These should be heady times for the UK’s pro-Europeans. Opinion polls now show clear and consistent expressions of regret that the country left the EU. Some even suggest a majority for rejoining. Leavers have all but given up arguing its merits, falling back on the old chestnut that “true Brexit hasn’t really been tried”. The dam is breached. Surely then, it is only a matter of time before the campaign to rectify this historic error begins in earnest.

And yet, with the exception of the SNP in Scotland, none of the major opposition parties show the courage of their former convictions. At the coming party conferences it will occupy less debate than car taxes. While some Labour voters like to imagine returning to the single market as a second term agenda for a triumphantly re-elected Keir Starmer, the unhappy truth for Britain’s pro-Europeans is that a meaningful return to the EU orbit is decades away at best. For Remainers in UK-wide parties the talk is of improved relations, a better trade deal, perhaps the creation of a regular EU-UK summit, youth visas and incremental regulatory alignment — not one of the world’s great rallying cries. In as far as Brexit will be an election issue, the debate is over how to make it work.

Rejoining the single market or customs union is outside the mainstream agenda. As for full membership, even dedicated pro-Europeans like Tony Blair see this as generations away.

The caution is justified. First, the polls cannot be trusted. Many of the most dramatic poll leads for rejoin have excluded don’t knows, who account for up to 20 per cent of voters. There remains a large gap between those expressing regret and those ready to rejoin. Above all, a five-second answer to a policy question is a poor guide to what may happen once the choice becomes live. Many who feel regret are also queasy about reopening the most divisive chapter in modern British history. The other clue is the level of continuing support for Brexit among Conservative voters — the very people the opposition parties wish to win over.

There are several reasons why Rejoiners should steel themselves for a very long haul. First, it would require another referendum, and while the polls and demographics give grounds for hope, once a campaign gets into the specifics their case would be more difficult. Rejoining would mean a commitment to abolish the pound and give up independent immigration controls. There will be no UK opt-outs this time. These are not easy arguments to make. Furthermore, the EU’s drift towards closer integration will continue.

Returning to the single market or customs union might not require a referendum and is seen by many as an achievable halfway house. But even this will require becoming a rule-taker. Closer regulatory alignment carries the same problem, though it is one many exporters would be pleased to tolerate.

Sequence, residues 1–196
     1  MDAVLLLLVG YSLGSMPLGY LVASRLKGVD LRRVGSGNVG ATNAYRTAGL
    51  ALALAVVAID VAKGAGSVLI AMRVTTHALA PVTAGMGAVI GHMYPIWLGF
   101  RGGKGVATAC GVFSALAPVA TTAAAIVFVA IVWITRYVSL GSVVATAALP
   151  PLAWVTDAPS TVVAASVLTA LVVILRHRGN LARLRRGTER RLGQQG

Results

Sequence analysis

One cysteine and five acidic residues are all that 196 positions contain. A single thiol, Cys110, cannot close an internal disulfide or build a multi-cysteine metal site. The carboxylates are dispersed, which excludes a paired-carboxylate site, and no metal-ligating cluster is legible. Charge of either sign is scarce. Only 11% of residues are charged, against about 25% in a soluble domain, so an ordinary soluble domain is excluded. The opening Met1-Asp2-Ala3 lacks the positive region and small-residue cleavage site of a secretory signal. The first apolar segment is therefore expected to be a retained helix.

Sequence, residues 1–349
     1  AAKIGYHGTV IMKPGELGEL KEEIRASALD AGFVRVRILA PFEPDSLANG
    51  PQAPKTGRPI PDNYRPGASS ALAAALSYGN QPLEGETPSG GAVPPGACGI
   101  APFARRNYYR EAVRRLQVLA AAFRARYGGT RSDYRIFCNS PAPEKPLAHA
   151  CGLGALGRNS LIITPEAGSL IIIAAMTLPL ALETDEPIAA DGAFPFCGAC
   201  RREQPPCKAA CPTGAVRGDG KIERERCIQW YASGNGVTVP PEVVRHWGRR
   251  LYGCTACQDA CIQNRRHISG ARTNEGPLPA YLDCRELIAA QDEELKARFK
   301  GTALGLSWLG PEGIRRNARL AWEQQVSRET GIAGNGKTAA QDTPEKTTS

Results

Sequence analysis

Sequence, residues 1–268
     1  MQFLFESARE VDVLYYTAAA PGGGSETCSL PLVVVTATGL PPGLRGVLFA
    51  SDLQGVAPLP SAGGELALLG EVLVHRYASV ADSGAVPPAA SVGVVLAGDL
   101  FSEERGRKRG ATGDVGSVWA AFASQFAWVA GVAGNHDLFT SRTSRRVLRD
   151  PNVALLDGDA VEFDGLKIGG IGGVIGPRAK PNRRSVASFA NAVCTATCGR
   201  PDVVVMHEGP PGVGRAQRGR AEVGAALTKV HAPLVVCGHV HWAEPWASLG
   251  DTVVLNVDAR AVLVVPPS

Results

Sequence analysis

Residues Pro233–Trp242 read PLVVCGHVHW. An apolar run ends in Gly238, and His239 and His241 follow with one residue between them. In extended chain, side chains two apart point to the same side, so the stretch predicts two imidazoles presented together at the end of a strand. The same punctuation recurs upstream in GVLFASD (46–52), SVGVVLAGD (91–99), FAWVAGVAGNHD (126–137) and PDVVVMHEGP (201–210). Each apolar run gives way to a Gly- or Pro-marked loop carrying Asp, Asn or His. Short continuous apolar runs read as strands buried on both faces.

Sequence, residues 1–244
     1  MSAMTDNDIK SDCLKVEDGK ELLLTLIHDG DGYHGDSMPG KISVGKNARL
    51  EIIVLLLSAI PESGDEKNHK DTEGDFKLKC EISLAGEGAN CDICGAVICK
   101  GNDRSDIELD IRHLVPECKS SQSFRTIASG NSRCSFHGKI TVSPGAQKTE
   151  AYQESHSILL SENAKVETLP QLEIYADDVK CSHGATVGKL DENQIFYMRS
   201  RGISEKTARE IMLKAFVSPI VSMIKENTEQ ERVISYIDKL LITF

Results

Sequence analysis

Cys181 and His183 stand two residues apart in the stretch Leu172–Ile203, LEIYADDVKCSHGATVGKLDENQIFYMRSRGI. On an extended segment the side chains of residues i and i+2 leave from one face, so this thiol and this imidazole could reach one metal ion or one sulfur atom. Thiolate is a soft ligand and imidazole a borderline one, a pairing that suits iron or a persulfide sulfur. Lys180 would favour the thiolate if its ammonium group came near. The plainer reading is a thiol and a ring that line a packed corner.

Secondly, the efforts to improve the existing Brexit settlement, repair relations and ease trade friction may reduce the imperative for rejoining. If Brexit can be made bearable, why go through the pain of unpicking it? The Tories are likely to remain a Brexit party, though perhaps a more pragmatic one, and they will not be out of power indefinitely.

Someway down the line it is possible to imagine a future outer ring of associate EU members, offered some economic advantages but without full benefits or a political voice. This could be easier for British politicians to sell even though it would place the UK in Europe’s second tier.

But the two biggest problems lie beyond UK control. It is far from clear that the EU will want the UK back as a full member, especially if it can extend its writ through regulatory alignment, the single market or some new associate role. Tory leaders are already beginning to accept some EU regulatory hegemony. The EU is coping without its recalcitrant ex-member.

Finally, even if a moment comes when the EU is ready to readmit the UK, it might reasonably demand a higher than 50 per cent threshold for public support — say two-thirds — as the price of re-entry, to ensure the end of the UK’s political hokey-cokey.

There will be no rapid return. Those dreaming of only a decade in the wilderness are unlikely to be right. A disastrous economic downturn might speed UK readiness but that is hardly a thing to be wished for.

None of this is to say that Rejoiners are wrong to campaign on Brexit’s failings. They will need to create sufficient pro-Europeanism for voters to set aside worries over immigration and the loss of monetary autonomy that comes with joining the euro. But there does need to be realism in this approach, which avoids blaming every economic woe on Brexit when other issues such as Covid, the Ukraine conflict or a decade of under-investment are more relevant. In this case, Brexit is more like a comorbidity, weakening the UK’s ability to rise above larger crises by slowing growth and business investment.

They must avoid repeating the mistake of the second referendum campaign when an absolutist stance prevented unity around a compromise. Incremental changes to make Brexit more bearable should not be sneered at but banked as wins, normalising the direction of closer ties.

Above all they need to learn from their opponents. Brexit was a 30-year campaign. Rejoiners are right to start the fight but in their impatience they need to recognise just how long and hard a journey it is likely to be.

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